I went to the door and there was the count Behind him was the chauffeur

I went to the door and there was the count behind him

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was a ring at the bell-pull. I went to the door and there was the count. Behind him was the chauffeur carrying a basket of champagne. "Where should I have him put it, sir?" asked the count. "In the kitchen," Brett said. "Put it in there, Henry," the count motioned. "Now go down and get the ice." He stood looking after the basket inside the kitchen door. "I think you'll find that's very good wine," he said. "I know we don't get much of a chance to judge good wine in the States now, but I got this from a friend of mine that's in the business." "Oh, you always have some one in the trade," Brett said. "This fellow raises the grapes. He's got thousands of acres of them." "What's his name?" asked Brett. "Veuve Cliquot?" "No," said the count. "Mumms. He's a baron." "Isn't it wonderful," said Brett. "We all have titles. Why haven't you a title, Jake?" "I assure you, sir," the count put his hand on my arm. "It never does a man any good. Most of the time it costs you money." "Oh, I don't know. It's damned useful sometimes," Brett said. "I've never known it to do me any good." "You haven't used it properly. I've had hell's own amount of credit on mine." "Do sit down, count," I said. "Let me take that stick." The count was looking at Brett across the table under the gaslight. She was smoking a cigarette and flicking the ashes on the rug. She saw me notice it. "I say, Jake, I don't want to ruin your rugs. Can't you give a chap an ash-tray?" I found some ash-trays and spread them around. The chauffeur came up with a bucket full of salted ice. "Put two bottles in it, Henry," the count called. "Anything else, sir?" "No. Wait down in the car." He turned to Brett and to me. "We'll want to ride out to the Bois for dinner?" "If you like," Brett said. "I couldn't eat a thing." "I always like a good meal," said the count.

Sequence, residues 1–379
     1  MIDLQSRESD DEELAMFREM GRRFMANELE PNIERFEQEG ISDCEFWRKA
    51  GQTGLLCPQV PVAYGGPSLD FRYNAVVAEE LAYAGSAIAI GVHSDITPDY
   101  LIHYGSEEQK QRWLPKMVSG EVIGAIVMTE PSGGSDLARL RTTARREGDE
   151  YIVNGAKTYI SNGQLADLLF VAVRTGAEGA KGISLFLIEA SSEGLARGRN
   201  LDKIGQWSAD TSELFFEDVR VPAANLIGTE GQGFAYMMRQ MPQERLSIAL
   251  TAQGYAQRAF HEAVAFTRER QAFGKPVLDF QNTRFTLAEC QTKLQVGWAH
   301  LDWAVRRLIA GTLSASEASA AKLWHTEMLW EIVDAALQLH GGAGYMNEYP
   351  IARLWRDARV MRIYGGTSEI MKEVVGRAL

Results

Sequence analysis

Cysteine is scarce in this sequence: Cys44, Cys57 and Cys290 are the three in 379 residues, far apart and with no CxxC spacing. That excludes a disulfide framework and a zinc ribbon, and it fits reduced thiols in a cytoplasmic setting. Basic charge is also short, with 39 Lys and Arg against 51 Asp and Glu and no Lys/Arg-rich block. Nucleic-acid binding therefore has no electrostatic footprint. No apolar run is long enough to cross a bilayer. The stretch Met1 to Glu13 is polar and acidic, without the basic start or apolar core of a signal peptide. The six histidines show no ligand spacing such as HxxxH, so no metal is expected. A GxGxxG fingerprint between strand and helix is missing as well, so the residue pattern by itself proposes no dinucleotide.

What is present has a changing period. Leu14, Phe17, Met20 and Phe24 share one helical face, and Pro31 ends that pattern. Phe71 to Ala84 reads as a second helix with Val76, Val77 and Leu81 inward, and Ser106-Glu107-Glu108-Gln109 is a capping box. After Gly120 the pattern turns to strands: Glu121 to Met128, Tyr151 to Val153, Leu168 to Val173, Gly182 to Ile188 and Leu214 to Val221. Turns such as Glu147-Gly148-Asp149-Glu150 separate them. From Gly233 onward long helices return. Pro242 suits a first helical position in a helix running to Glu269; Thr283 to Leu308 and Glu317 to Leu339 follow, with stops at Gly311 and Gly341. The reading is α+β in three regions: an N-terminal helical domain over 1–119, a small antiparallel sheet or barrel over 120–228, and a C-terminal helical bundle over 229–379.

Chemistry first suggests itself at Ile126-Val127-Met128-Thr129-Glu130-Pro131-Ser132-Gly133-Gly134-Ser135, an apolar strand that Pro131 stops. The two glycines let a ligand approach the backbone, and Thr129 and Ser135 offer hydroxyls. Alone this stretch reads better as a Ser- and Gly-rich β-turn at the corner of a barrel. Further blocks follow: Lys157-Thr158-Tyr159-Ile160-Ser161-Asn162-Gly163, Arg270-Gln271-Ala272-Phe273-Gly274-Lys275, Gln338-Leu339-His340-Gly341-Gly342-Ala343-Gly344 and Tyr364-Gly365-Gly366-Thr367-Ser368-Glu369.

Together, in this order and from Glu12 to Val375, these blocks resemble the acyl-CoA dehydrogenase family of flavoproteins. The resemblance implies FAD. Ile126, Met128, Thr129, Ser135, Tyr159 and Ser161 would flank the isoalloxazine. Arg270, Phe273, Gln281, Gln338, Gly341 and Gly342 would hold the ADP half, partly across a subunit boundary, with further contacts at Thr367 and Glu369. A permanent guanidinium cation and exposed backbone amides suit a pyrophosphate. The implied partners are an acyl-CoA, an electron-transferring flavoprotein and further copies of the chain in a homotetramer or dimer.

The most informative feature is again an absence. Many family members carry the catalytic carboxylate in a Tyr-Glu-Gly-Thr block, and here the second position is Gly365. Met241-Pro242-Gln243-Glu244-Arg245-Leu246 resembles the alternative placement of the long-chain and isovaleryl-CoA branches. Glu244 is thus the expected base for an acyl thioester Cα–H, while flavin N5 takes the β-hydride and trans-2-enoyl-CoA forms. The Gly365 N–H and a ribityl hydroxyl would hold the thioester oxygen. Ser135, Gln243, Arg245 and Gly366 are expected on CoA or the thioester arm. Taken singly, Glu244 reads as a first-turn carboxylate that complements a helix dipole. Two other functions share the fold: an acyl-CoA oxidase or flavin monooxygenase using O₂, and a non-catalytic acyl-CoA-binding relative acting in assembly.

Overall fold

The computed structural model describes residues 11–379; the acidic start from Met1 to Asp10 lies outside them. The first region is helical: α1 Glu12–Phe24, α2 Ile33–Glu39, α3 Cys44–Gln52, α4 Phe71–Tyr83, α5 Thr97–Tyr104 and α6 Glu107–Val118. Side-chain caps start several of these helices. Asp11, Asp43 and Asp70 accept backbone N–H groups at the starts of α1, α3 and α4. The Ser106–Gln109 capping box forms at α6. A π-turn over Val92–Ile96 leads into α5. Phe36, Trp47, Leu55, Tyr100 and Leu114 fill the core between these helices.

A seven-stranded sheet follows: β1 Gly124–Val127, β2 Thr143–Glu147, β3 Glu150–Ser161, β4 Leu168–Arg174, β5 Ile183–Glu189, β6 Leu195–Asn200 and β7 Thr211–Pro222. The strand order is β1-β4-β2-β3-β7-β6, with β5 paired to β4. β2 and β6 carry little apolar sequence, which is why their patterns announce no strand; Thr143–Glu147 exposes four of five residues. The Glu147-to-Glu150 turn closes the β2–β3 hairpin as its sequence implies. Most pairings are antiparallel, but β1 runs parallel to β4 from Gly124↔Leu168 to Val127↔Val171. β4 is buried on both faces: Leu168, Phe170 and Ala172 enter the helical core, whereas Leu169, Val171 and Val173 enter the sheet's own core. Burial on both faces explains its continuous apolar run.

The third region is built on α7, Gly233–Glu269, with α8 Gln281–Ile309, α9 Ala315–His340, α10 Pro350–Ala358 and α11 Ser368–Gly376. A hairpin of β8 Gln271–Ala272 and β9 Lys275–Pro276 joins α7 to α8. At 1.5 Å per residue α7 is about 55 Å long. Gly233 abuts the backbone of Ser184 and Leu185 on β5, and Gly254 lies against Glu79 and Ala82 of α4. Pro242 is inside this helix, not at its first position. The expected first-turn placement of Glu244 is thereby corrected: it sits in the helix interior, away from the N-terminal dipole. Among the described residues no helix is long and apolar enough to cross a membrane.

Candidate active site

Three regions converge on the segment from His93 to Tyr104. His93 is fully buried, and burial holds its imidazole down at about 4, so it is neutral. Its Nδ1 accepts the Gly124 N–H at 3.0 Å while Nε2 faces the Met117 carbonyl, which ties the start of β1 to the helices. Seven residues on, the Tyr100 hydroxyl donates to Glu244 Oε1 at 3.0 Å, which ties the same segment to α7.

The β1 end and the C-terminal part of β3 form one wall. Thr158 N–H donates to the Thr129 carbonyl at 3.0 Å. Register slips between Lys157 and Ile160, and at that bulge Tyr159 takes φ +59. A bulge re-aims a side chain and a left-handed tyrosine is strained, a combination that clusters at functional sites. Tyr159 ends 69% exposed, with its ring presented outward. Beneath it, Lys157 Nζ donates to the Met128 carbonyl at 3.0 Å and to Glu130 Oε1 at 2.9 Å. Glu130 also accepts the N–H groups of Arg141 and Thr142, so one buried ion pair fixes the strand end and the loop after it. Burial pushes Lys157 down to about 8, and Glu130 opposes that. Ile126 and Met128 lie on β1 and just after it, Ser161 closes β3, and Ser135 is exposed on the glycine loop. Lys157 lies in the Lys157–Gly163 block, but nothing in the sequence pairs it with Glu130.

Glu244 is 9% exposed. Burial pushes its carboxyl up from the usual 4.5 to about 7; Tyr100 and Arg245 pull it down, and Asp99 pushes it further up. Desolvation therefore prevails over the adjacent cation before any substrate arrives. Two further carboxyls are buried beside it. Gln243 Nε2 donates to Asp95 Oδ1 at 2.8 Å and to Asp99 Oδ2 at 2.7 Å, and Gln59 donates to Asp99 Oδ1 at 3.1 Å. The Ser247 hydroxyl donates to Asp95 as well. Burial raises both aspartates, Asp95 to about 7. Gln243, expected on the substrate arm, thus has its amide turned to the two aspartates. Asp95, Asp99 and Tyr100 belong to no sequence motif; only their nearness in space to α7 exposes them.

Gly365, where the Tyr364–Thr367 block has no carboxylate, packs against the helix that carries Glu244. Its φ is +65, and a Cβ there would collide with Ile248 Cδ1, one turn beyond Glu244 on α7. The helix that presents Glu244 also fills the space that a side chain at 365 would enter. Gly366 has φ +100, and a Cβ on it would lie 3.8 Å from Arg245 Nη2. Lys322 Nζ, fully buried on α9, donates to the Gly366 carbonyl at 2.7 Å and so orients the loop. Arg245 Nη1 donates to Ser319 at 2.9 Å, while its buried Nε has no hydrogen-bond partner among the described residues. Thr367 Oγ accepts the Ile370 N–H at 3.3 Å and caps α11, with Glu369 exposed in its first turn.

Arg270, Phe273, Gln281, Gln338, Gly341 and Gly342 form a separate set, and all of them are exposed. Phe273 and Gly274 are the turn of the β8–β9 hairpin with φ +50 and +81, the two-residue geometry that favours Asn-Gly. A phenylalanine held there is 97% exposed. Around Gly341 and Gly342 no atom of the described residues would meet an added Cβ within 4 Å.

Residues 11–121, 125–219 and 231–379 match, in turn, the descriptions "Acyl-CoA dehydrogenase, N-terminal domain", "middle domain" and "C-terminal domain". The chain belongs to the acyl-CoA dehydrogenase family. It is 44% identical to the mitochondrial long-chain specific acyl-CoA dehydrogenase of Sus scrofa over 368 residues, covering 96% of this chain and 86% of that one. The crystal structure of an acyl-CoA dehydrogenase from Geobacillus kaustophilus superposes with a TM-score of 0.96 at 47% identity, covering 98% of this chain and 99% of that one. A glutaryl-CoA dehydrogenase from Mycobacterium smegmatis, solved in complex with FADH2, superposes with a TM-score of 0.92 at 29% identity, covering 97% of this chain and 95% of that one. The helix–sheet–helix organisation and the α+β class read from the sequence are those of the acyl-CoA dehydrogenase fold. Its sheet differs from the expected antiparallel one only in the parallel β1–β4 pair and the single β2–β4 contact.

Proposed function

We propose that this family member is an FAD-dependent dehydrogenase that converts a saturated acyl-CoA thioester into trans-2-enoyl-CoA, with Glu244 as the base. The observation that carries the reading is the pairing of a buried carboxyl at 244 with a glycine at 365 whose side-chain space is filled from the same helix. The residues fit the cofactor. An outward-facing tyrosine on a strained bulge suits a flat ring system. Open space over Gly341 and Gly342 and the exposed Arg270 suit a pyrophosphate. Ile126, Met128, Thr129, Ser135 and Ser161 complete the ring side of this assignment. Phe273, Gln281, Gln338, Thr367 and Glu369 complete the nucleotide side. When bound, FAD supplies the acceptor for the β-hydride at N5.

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"Should I bring the wine in, sir?" asked the chauffeur. "Yes. Bring it in, Henry," said the count. He took out a heavy pigskin cigar-case and offered it to me. "Like to try a real American cigar?" "Thanks," I said. "I'll finish the cigarette." He cut off the end of his cigar with a gold cutter he wore on one end of his watch-chain. "I like a cigar to really draw," said the count. "Half the cigars you smoke don't draw." He lit the cigar, puffed at it, looking across the table at Brett. "And when you're divorced, Lady Ashley, then you won't have a title." "No. What a pity." "No," said the count. "You don't need a title. You got class all over you." "Thanks. Awfully decent of you." "I'm not joking you," the count blew a cloud of smoke. "You got the most class of anybody I ever seen. You got it. That's all." "Nice of you," said Brett. "Mummy would be pleased. Couldn't you write it out, and I'll send it in a letter to her." "I'd tell her, too," said the count. "I'm not joking you. I never joke people. Joke people and you make enemies. That's what I always say." "You're right," Brett said. "You're terribly right. I always joke people and I haven't a friend in the world.
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